Reverend John Miller
by
Stefan Bielinski


John Miller (1666-1724) graduated from Trinity College, Cambridge in 1684. In 1692, he was appointed chaplain of the New York Companies, received his ecclesiastical license from the Bishop of London, and, by that October, had landed in New York. For the next three years, Miller was the sole Anglican cleric in New York. He served at the English forts on Manhattan and in Albany and preached at the other English outposts as well.

John Miller was a keen observer of the late seventeenth century New York scene - describing and reflecting on what he saw in what became a considerable collection of notes and drawings. In 1696, Miller left the colony to return to England. However, his ship was captured by a French privateer - but not before Miller threw overboard his papers to prevent their capture by the enemy. Miller was incarcerated and used the time to re-write and further develop his accounts of his New York experience. Redeemed, he was returned to England in 1696.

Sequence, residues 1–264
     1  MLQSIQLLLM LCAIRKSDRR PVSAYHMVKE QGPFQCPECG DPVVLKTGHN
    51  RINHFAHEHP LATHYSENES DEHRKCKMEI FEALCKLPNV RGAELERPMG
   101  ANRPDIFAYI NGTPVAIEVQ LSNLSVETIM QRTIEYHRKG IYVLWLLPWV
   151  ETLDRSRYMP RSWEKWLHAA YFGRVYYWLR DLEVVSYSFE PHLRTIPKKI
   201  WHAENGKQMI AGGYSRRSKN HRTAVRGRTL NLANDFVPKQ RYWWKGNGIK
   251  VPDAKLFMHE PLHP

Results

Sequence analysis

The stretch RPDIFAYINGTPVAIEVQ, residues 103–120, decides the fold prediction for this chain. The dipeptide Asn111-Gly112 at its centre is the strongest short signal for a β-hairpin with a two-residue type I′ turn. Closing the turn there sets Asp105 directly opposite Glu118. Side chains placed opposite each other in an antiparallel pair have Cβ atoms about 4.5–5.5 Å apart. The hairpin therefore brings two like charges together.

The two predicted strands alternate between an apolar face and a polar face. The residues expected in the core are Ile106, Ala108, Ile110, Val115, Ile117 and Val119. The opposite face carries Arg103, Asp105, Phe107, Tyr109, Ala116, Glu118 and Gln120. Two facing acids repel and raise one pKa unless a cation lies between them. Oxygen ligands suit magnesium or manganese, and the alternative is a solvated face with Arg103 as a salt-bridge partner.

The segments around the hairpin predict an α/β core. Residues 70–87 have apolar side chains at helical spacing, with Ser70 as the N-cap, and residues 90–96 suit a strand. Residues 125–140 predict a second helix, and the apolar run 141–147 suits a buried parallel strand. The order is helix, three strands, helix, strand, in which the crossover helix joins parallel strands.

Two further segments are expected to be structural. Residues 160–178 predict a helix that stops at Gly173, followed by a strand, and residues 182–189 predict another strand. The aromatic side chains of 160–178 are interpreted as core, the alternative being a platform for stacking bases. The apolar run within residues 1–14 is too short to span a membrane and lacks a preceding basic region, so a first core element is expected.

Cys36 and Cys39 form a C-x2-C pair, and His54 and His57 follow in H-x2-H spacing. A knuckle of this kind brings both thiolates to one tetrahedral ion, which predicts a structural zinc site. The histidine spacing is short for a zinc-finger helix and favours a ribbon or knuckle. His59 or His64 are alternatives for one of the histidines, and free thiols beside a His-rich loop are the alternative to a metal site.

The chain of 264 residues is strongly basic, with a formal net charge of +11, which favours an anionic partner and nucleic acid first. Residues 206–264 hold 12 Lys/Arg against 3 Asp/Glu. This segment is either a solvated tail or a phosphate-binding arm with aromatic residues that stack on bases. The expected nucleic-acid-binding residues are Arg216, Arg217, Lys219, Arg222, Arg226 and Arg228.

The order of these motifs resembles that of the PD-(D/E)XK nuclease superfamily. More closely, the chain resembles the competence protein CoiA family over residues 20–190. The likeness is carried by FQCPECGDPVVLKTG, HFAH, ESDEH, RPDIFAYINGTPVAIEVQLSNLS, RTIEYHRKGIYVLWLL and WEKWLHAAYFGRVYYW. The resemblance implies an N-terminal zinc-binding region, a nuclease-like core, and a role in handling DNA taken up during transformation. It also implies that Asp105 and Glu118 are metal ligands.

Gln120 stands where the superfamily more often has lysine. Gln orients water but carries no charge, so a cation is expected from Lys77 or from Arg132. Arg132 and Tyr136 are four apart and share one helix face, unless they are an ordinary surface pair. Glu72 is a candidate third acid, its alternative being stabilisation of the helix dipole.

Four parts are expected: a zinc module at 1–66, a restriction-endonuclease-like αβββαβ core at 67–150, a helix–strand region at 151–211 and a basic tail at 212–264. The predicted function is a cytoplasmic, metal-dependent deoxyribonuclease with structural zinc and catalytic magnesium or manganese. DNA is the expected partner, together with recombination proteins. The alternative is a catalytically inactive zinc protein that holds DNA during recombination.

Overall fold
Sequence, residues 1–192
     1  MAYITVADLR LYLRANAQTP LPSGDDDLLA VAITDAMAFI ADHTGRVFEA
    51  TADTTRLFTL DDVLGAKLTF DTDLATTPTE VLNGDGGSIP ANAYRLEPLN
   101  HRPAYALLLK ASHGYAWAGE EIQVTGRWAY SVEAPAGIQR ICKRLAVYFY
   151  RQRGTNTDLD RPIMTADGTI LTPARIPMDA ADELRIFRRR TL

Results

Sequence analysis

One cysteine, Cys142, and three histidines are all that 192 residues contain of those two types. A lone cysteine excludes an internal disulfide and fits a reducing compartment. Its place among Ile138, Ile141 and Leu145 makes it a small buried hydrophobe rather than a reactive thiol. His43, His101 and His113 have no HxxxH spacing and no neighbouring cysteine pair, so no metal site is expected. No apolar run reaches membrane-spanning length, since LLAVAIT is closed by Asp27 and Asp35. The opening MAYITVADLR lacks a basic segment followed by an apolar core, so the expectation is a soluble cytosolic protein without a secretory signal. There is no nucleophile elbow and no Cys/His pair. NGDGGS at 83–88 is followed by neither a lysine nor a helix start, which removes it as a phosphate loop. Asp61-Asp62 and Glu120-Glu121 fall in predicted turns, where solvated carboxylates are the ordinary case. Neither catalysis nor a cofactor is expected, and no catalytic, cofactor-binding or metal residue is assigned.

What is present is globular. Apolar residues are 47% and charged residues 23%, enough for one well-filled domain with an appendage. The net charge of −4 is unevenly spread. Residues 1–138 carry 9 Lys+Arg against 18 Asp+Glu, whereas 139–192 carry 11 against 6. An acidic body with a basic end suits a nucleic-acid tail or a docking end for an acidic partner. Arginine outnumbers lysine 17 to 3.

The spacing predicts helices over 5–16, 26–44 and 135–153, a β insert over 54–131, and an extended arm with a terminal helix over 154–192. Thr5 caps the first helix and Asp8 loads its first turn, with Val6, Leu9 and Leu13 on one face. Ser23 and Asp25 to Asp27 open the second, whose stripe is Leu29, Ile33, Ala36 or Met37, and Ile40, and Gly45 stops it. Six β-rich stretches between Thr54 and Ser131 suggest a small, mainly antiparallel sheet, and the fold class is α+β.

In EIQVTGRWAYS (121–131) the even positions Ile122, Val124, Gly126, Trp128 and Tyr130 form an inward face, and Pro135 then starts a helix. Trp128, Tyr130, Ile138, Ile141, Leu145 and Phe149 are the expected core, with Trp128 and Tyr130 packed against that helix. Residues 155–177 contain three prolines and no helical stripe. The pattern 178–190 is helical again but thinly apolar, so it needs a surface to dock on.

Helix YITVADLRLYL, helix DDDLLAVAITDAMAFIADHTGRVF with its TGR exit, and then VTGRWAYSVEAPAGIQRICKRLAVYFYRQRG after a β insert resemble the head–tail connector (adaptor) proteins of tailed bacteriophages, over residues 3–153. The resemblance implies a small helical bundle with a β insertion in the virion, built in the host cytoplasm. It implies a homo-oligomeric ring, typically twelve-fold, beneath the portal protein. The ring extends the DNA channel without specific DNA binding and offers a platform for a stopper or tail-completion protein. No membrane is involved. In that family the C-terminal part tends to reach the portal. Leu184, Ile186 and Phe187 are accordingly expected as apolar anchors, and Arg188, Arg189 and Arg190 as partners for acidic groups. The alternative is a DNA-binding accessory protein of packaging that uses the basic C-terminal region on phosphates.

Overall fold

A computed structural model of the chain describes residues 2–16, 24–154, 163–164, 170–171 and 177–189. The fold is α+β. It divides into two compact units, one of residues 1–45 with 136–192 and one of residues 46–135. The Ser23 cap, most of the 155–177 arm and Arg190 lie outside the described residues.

Serving the remainder of his life as the vicar of Effingham, Miller was called a "worthy and respectable vicar" and "a man of research." On his death in 1724, an inventory of his estate revealed an extensive library - with many of the volumes annotated by Miller, as well as a number of original manuscripts.

One of those works (taking the form of an extended letter to the Bishop of London) has been preserved in the British Museum. It was printed several times over the next two centuries. The best-known and most accessible version is entiitled New York Considered and Improved, 1695 by John Miller ("published from the original MS. in the British Museum"), was edited by Victor Hugo Paltsits, and published by The Burrows Brothers Company of Cleveland in 1903. With its descriptive text, analyses, and annotated maps and diagrams, that work represents a major historical and ethnographic resource for the history of New York during the 1690s.

Included in that volume are John Miller's map of Albany and his diagram of the fort. They are among the often seen visual representations of early Albany.



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first posted: 10/30/02